Over the past couple of weeks, we’ve been looking at the Prayer of St. Francis and thinking about it not only as good fodder for passage meditation, but also as a way to orient our hearts and minds for the day ahead. We started by looking at instruments of peace, then we saw Francis’s prayerful definition of the Kingdom of Heaven. Today, we look at the penultimate section of the prayer. Here’s the text—
O Divine Master,
grant that I may not so much seek
to be consoled as to console,
to be understood as to understand,
to be loved as to love.
Like the items in the previous section—and the prayer in general—this section uses a series of opposites to define where we should put our focus. As a self-proclaimed grammar nerd, I love the way that the prayer juxtaposes the passive voice with the active voice, taking each need—consolation, understanding, and love—and commanding that we not be passive, wanting to receive these three, but active in bringing them into the world.
Make no mistake, humans need these three experiences in order to feel whole.
- In the midst of a world gone wrong or a world that often doesn’t feel quite right, we need to be consoled.
- In order to feel recognized and known, in order to build positive relationships, we need to be understood.
- If we are going to truly live out our call as heirs to the Kingdom of Heaven, then we need to be loved.
Fortunately, Christianity has these three baked right in. Jesus’s experience on the cross reassures us of this. God became human so that we may know that “[e]very sorrow and desolation / he saw, and sorrowed in kinship” (to steal a phrase from poet Denise Levertov). The Holy Spirit, living and active within us, constantly offers consolation and understanding. The product of that consolation and understanding should be that we know that we are the beloved children of God.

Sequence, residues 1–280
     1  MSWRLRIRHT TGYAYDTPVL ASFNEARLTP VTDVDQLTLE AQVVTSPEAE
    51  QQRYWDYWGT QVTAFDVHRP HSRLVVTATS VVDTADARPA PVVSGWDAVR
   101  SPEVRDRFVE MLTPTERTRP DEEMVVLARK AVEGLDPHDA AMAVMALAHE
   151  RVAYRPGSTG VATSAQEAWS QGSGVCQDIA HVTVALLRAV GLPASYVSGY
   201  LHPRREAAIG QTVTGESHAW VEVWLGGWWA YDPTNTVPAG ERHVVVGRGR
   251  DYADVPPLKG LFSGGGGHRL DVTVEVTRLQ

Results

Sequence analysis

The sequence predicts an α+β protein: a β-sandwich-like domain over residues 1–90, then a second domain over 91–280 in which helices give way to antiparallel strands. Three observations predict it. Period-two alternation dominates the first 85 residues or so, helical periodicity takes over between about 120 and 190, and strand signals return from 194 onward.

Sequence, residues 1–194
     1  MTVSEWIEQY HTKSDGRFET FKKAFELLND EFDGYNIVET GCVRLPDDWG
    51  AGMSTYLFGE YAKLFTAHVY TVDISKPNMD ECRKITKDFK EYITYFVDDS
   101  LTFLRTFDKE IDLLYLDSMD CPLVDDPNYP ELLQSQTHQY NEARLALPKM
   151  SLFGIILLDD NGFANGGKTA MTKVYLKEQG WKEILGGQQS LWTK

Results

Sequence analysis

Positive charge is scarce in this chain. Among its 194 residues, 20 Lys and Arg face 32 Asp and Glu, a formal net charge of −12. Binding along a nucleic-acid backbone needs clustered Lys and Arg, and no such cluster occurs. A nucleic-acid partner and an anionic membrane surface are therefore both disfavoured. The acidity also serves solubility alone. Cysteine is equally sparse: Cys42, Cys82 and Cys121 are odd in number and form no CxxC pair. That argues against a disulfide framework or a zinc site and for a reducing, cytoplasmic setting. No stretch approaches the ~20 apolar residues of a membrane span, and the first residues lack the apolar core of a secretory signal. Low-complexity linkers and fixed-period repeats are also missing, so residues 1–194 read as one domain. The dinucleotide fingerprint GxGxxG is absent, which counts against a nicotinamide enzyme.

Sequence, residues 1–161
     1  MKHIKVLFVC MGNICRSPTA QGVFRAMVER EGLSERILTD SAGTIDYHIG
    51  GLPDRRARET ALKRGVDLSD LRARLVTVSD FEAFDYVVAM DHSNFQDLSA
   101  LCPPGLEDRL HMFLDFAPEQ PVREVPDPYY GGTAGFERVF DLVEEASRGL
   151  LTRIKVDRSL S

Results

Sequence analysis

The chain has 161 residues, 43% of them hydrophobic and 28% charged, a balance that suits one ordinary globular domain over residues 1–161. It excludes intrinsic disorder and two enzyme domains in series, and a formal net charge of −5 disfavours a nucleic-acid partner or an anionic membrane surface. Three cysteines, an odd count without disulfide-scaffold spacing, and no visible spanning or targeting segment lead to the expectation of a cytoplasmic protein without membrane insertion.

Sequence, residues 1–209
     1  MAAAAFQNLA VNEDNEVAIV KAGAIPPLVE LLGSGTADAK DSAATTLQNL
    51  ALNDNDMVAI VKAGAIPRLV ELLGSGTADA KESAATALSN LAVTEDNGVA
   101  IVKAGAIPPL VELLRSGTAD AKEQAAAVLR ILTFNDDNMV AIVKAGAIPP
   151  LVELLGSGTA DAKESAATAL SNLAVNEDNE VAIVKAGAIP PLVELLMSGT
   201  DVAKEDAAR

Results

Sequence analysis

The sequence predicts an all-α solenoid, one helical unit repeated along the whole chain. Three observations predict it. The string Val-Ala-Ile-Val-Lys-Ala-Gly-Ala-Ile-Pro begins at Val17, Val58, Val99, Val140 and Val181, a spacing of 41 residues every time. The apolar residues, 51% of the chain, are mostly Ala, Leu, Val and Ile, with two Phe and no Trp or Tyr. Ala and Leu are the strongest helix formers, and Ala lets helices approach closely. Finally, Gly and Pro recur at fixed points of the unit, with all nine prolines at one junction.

Allow me to repeat that with some emphasis:
We are the beloved children of God.
As such, our responsibility is to do exactly what Jesus did: console the downtrodden, understand even the experiences of our enemies, and love love love.
If we are to truly live out the great commandments that Jesus gives us—love God and love others—then we can say this prayer to remind ourselves not only that we are loved but also that we must love. We must move from being loved to being love, embodying it, and bringing it wherever we go—loving God, loving self, loving neighbors, loving enemies.
• • •
This week try saying the Prayer of St. Francis early in the morning as a way to orient your day. As you reflect on that experience, you might ask yourself these three questions:
- Who do I know that needs consolation?
- Where could I be more understanding?
- How can I love someone else today?